One last blast of freezing rain and flurries blew through Toronto just before our plane was scheduled to take off. We felt lucky to be delayed by only one hour, which we spent watching the robotic arms of the de-icing machines spray down our plane with a fluorescent green liquid.
After a stop in Montreal and six more neck-wrenching hours trying to doze on the plane, we arrived in Lisbon around 7 in the morning. Even from high above, the famous “light of Lisbon” was already evident, glowing on the orange rooftops of the buildings we flew over.
We had no problems taking the metro — which reminded us of Montreal’s — from the airport directly into the downtown core. Jamming onto a subway car with luggage is never a great idea at rush hour, but we made without annoying too many commuters.
We had a brief adventure at the luggage lockers at Rossio station when we found their finicky and complex locker machines accept payment with exact-change coins only. With no Euro change at hand, I solved the problem by buying a very small coffee with a very big bill from a cooperative cashier.
With many hours until check-in at our Airbnb house, we took a leisurely wander around central Lisbon, emerging first into beautiful Praça de Dom Pedro IV, with its giant fountain and statue of Brazil’s first emperor.
Here we were interviewed by a small group of polite young teens doing a school project about Lisbon. They asked us questions about where we were from, what we’d seen, what we liked best, and so on. They recorded our answers on a phone and then took a parting selfie with us.
We then headed down Rua Augusta in the Baixa district, with its intricate mosaic cobblestones, past block after block of outdoor restaurants with eager touts pushing their ementa turística to each passerby. This always strikes me as one of the most depressing jobs in the world and I avoid eating at any restaurant who has these guys out front.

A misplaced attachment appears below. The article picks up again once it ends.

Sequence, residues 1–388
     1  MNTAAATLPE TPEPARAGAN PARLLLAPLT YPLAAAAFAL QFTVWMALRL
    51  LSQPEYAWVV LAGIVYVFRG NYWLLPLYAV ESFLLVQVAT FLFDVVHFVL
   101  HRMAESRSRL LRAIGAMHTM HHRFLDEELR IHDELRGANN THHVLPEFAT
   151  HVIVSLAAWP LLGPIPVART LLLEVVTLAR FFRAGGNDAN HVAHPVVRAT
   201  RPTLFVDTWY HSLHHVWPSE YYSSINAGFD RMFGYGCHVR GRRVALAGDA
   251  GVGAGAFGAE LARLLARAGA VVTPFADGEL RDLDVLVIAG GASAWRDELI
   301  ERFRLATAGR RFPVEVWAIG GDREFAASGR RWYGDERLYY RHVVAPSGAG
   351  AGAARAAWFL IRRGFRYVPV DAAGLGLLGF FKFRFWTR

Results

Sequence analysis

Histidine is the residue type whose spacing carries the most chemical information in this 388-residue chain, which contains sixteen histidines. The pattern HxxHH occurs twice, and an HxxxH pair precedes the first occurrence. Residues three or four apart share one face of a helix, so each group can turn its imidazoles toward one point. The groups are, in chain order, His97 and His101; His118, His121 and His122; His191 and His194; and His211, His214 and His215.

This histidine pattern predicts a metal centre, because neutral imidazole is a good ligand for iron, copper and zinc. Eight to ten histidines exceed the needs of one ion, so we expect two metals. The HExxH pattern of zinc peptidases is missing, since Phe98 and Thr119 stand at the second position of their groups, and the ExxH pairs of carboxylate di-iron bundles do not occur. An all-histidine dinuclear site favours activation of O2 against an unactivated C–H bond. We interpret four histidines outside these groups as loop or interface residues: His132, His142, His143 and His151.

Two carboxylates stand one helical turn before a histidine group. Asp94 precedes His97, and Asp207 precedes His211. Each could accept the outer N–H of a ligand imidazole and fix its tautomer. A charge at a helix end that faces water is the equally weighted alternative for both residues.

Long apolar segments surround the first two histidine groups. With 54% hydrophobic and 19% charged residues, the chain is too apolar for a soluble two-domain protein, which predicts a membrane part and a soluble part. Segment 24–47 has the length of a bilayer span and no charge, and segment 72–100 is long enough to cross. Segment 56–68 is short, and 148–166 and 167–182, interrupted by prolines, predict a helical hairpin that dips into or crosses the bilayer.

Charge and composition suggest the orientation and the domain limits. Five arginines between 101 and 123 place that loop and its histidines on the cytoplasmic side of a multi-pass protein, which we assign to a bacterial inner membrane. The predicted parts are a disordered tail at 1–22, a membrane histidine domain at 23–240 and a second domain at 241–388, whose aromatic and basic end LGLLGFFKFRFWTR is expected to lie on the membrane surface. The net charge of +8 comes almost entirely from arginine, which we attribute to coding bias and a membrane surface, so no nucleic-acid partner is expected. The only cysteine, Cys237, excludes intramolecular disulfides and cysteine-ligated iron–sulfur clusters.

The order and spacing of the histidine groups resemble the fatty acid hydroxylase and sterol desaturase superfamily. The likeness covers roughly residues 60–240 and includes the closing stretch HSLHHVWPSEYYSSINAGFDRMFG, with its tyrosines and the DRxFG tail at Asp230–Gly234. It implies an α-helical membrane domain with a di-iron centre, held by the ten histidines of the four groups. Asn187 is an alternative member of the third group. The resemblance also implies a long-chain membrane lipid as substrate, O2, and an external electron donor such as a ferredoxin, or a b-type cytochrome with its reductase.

At the foot of Rua Augusta we passed beneath the iconic Arco da Vitória into the vast and impressive Praça do Comércio, built after much of the existing city was razed by the massive earthquake and tsunami of 1755. Here we also had our first glimpse of the Rio Tejo waterfront.
We then swung east and up into the southern tip of Alfama, the warren of narrow streets surrounding the Castelo. After a nice lunch at the universally recommended Pois Café, we stopped by the enormous Sé cathedral, built around 1150 AD on a the site of a mosque constructed by the Moors. It’s built like a fortress with intimidating stone walls, surrounded by orange trees.
In front of the Sé we also saw an oblivious tourist walk directly in front of a lumbering tram, which screeched to a stop with inches to spare. She casually waved at the driver and continued on, seemingly unaware of how lucky she was.
Here, and anywhere near the Castelo, the tourist hordes are in full effect. But thankfully, only a few blocks away as we approach our little Airbnb house, the vibe changes. There are still a few wandering travelers with guidebooks and cameras, but there are also many more locals. We can hear Portuguese (and other languages) coming from every window and doorway. People gather to chat in the streets and the kids play soccer.
Later, after we checked in, we visited a small local grocer to stock up on a few supplies. The owner was a young immigrant who spoke only some English and some Portuguese, but he was friendly and helpful — I think we were his biggest sale of the day. In the evening we scoped out the closest Pingo supermarket location. Most staples are moderately cheaper than in Canada, except for alcohol and beer, which is astonishingly cheap. 98 cents for a bottle of wine? Why not.